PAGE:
At Gelberg, their signs point to growth

At Gelberg Signs' production facility, Elaine Hart, left, glues letters onto a new sign for Capital One Bank.
At Gelberg Signs' production facility, Elaine Hart, left, glues letters onto a new sign for Capital One Bank. (Jeffrey Macmillan For The Washington Post)

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By Thomas Heath
Washington Post Staff Writer
Sunday, October 31, 2010; 6:49 PM

Gelberg Signs is a company dying to get bigger.

Luc, Neil and Guy Brami, the three brothers who own the District-based manufacturer, are looking for an investor who will provide the $5 million they need to go national.

"We would like to find an equity partner to give us a cash infusion," Guy said. The five-year plan is to take revenue from $7 million to $24 million a year.

Part of the plan is to find some big national companies looking to roll out hundreds of new stores or locations (think Wal-Mart or the latest fast-food fad). Another part is to win every sign contract on a construction project in the District, where the Bramis keep a close eye on future development, following zoning meetings, D.C. Council hearings and anything else that will give them an edge on a job.

Luc is 54, Neil is 49 and Guy is 43.

Gelberg Signs was founded in 1941 and makes signs that direct you to everything from a restaurant to a restroom. Their prices can range from $30,000 for a custom-made lighted sign for a downtown Washington restaurant to $10 for one of the hundreds of restroom signs hanging inside a big office building.

Been to a Roy Rogers lately? It's a Gelberg sign that beckoned you. They are on the outside, and almost everywhere inside, of baseball's Nationals Park in Southwest D.C. Gelberg made the signs on every California Tortilla, the Children's National Medical Center and the Walter E. Washington Convention Center.

Cuba Libre, the new restaurant in Penn Quarter, has a Gelberg sign. If you drive the New Jersey Turnpike, a Gelberg sign tells you which restaurant is at the next travel plaza. Gelberg will put your brand on coffee mugs, keychains, pens and pencils. The brothers are politically agnostic; they will make signs for any political party and candidate.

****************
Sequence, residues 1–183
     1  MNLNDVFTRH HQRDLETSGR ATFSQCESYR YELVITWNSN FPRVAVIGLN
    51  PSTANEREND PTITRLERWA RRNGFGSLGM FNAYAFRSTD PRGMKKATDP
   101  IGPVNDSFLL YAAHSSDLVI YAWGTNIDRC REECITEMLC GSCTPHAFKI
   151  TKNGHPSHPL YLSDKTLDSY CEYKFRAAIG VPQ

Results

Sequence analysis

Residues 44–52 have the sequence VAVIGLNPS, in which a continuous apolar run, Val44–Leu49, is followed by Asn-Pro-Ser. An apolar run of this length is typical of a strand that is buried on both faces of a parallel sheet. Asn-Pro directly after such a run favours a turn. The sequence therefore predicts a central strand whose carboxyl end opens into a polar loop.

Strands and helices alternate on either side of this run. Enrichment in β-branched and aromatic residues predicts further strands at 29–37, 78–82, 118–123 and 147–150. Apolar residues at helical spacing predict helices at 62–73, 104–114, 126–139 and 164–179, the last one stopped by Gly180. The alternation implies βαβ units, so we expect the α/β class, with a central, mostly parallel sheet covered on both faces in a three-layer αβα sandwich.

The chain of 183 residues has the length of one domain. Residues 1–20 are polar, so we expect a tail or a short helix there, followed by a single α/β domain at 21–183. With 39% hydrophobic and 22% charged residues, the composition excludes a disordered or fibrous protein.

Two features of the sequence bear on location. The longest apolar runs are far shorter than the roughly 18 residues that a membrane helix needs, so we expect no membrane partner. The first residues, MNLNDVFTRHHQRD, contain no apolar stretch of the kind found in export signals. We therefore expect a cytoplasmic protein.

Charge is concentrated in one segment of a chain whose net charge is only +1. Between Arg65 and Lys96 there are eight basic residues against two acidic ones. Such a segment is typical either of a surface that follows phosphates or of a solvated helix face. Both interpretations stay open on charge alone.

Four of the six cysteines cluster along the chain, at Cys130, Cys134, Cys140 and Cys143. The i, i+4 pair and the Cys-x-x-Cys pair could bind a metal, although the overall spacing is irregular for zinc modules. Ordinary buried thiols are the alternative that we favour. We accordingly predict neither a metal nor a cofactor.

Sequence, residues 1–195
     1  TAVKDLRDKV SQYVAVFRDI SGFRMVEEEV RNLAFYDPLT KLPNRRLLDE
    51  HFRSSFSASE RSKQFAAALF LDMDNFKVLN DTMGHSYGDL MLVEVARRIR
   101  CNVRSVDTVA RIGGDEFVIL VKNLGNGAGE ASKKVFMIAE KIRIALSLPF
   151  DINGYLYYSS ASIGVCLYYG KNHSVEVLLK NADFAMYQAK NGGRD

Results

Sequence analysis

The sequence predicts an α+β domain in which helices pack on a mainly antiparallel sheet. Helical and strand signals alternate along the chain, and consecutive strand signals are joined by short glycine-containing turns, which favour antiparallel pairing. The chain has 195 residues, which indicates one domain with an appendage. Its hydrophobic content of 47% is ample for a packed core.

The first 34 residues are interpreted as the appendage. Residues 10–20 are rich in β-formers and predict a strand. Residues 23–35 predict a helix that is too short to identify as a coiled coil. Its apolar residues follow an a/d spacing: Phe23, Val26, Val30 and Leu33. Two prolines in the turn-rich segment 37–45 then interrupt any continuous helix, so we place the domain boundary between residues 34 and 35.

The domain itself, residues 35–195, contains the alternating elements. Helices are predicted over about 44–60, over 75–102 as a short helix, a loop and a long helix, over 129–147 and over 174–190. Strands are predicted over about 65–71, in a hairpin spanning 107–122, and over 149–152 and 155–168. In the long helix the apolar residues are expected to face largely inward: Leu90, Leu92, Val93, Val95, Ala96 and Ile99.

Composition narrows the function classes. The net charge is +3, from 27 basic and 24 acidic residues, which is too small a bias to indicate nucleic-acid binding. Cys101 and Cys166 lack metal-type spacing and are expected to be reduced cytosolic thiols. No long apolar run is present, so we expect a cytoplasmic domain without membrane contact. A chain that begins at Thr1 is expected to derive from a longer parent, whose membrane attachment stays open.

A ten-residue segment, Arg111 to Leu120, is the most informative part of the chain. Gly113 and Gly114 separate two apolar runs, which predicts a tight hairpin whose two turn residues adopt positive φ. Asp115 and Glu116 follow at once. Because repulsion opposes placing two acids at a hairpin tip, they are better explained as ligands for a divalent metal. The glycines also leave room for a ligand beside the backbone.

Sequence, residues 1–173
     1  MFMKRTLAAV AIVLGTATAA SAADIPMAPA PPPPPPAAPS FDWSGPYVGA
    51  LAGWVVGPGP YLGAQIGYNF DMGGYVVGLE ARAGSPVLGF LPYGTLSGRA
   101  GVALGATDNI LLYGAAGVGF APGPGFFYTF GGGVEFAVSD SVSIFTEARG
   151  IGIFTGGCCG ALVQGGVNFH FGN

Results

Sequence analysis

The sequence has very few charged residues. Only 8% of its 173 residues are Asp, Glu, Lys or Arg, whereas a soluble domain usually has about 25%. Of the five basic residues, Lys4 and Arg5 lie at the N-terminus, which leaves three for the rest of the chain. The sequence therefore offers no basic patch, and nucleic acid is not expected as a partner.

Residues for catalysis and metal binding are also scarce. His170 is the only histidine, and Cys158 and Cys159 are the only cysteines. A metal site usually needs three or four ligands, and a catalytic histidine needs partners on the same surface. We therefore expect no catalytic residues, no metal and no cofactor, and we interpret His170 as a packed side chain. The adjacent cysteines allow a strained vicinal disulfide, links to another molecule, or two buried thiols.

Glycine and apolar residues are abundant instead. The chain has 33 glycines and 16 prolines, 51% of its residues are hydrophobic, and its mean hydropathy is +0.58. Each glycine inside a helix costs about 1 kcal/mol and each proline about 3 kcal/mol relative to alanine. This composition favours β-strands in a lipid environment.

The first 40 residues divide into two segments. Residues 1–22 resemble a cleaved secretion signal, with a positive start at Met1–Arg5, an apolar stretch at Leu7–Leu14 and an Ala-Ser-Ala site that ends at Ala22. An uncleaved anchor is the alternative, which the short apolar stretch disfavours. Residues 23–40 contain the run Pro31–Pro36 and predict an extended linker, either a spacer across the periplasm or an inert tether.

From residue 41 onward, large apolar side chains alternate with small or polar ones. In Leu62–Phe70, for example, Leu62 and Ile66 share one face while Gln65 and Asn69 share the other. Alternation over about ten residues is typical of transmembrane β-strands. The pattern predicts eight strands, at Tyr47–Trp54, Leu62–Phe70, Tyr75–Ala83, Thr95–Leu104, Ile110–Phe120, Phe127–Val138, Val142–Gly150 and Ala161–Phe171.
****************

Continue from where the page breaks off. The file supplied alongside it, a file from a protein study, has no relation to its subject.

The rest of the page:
Gelberg grossed $7.2 million in the fiscal year ending June 30, 2010 and expects to gross more than $10 million in the year ending next June. The company has operated out of its Northwest Washington location since 1966, where it occupies 50,000 square feet in an industrial area.

Gelberg's net profit margin before taxes ranges from 3 to 5 percent, depending on how many orders for high-margin, custom signs they get in one year. The brothers pay themselves a salary and some bonus from the profits.

The Brami brothers are ambitious and politically savvy businessmen who are active in business organizations. Luc sits on the board of the Washington, D.C. Economic Partnership, and the brothers stay in touch with the D.C. Chamber of Commerce.

Their father was an impressionist painter who arrived from Tunisia in 1956 with a few bucks in his pocket. Unable to find work as a painter, Georges Brami hooked up with Bill Gelberg, who had a little sign company in D.C.


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